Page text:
I guess I also think about it from the perspective of a mom - my kids are middle school age and HS scares the pi$$ out of me!


Posts: 132 | Registered: Jul 2011
GabyBaby
♀ Member
Member # 26928
Default  Posted: 5:37 PM, September 11th (Wednesday), 2013View ProfileEdit MessagePrivate MessageHomepage

Then I guess scenario #4 is that her parents dont think it is that big a deal.

However they choose to deal with their daughter, just know that a lot of other parents would have a HUGE problem with it.
If/when you have your kids' friends over, this type of behavior can be a legal nightmare for your family.


Me - 42
SorryInSac - WH#2 - 47. DDay 7/12/14
Married 4yrs, together 7yrs total

DD(21), DS(18, PDD-NOS)
5 Furkids (3 Dogs, 2 Cats)

WXH (serial cheater, 12+ OW)
Legally married 18yrs, together 16.5yrs

Note: I edit often for typos/clarity.


Posts: 6076 | Registered: Dec 2009 | From: California
hurtbs
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Member # 10866
Default  Posted: 5:46 PM, September 11th (Wednesday), 2013View ProfileEdit MessagePrivate MessageHomepage

Yes, he can get into trouble legally for this. In some states, providing alcohol to minor is a felony. Sometimes it's contributing to the delinquency. If the niece or anyone she then distributed the alcohol to got into an accident or hurt somebody, he would be legally and financially liable.


Me BW Him XSAWH
DDays - 1 was too many
Divorced 2012

"In life, unlike chess, the game continues after checkmate." - Asimov
"Be patient and tough; someday this pain will be useful to you." - Ovid


Posts: 15249 | Registered: Jun 2006
myalterego
♀ Member
Member # 32756
Default  Posted: 5:47 PM, September 11th (Wednesday), 2013View ProfileEdit MessagePrivate MessageHomepage

If/when you have your kids' friends over, this type of behavior can be a legal nightmare for your family.

I have an issue with giving a 17yo a beer, so I can't imagine I will be doing if for my own kids. Clearly a parenting discussion we need to have.

The concern about this is that it is a public setting and there are undercover cops all over. When I think about the risk/reward scenario... so she gets a beer (yeah?) but we take all the risk. Is it really worth it?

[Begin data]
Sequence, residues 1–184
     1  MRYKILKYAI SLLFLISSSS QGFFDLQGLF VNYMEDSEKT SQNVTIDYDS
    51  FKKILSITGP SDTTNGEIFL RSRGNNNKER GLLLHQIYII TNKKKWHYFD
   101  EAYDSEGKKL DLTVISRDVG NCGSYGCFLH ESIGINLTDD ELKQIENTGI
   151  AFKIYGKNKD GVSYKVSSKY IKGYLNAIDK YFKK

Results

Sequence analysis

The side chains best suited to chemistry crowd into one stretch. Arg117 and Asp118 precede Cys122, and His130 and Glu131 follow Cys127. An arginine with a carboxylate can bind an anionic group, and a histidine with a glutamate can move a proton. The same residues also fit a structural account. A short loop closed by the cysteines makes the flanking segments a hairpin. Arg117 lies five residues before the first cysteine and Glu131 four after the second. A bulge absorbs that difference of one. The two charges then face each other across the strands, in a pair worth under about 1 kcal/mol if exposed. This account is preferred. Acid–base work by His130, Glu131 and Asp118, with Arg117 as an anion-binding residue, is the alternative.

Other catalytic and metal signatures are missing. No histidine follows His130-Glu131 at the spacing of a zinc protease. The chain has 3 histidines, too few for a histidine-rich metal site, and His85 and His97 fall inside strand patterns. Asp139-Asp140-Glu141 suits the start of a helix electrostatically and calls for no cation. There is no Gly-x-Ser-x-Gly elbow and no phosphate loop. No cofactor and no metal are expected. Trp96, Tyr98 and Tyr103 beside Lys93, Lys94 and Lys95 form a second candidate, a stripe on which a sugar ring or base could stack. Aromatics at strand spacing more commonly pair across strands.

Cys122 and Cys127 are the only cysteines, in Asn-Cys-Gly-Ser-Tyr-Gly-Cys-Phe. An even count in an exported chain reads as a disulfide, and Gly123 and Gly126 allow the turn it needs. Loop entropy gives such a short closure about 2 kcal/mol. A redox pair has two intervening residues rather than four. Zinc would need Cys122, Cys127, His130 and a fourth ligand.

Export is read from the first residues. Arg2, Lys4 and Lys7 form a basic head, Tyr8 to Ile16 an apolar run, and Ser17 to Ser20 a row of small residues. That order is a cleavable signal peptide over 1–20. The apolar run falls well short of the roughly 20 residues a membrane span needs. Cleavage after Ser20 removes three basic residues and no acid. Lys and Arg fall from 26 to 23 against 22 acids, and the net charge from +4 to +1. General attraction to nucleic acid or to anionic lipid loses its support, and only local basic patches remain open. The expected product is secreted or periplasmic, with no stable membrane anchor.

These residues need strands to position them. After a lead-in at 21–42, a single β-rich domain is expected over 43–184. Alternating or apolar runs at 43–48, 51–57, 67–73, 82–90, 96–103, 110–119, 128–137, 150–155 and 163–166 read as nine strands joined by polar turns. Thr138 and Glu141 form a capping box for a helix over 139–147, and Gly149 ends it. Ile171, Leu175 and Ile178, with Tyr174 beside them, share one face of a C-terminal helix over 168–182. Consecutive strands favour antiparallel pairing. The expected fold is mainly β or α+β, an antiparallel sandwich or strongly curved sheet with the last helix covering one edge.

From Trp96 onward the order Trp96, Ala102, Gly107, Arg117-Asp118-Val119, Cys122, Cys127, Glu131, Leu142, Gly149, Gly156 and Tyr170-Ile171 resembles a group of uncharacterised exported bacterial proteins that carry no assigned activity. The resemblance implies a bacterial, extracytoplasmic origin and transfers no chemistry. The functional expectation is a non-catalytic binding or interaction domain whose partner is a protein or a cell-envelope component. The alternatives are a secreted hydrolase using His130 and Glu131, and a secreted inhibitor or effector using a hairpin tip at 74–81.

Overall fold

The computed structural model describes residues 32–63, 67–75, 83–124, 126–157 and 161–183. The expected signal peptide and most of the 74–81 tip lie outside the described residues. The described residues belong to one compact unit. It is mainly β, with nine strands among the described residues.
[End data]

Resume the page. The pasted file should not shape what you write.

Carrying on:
Posts: 132 | Registered: Jul 2011
Lucky2HaveMe
♀ Member
Member # 13333
Default  Posted: 6:59 PM, September 11th (Wednesday), 2013View ProfileEdit MessagePrivate MessageHomepage

When I was 20yo the drinking age was 18. I was young, full time job, living on my own. I had 18yo sister and 12 & 16yo brothers. All still in HS.
Parents were going away for the weekend to a bowling tournament and asked me to be in charge.

By the time I arrived after work, the party was in full swing. Not an obnoxious # of people, but the keg was tapped. I was 20 yo. I was not mature enough to protect my baby brother. I watched him have his first beer, get shitfaced, sicvk, and hungover.

My sister married an alcoholic and had alcohol abuse issues for years. Her H is sober and she seldom drinks any more. She is the success story. My oldest bro has alcohol abuse issues and drinks to excess. He does not admit he has an issue. Sadly, my baby brother grew into an alcoholic, drug addict, and was in the midst of pulling his life together when he died in a car accident @ 34yo leaving behind 3 small kids.

32 years later I still carry a heavy burden regarding that night so long ago... If I hadn't been the fun sister, maybe lives wouldn't be so broken.

Tell him he does not want that burden on him. He doesn't need to be the cool uncle. He should be the responsible one.


Indian wisdom says our lives are rivers. We are born somewhere small and quiet and we move toward a place we cannot see, but only imagine. From Tending Roses

Posts: 6014 | Registered: Jan 2007 | From: WNY
Phoenix1
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Member # 38928
Default  Posted: 2:13 AM, September 12th (Thursday), 2013View ProfileEdit MessagePrivate MessageHomepage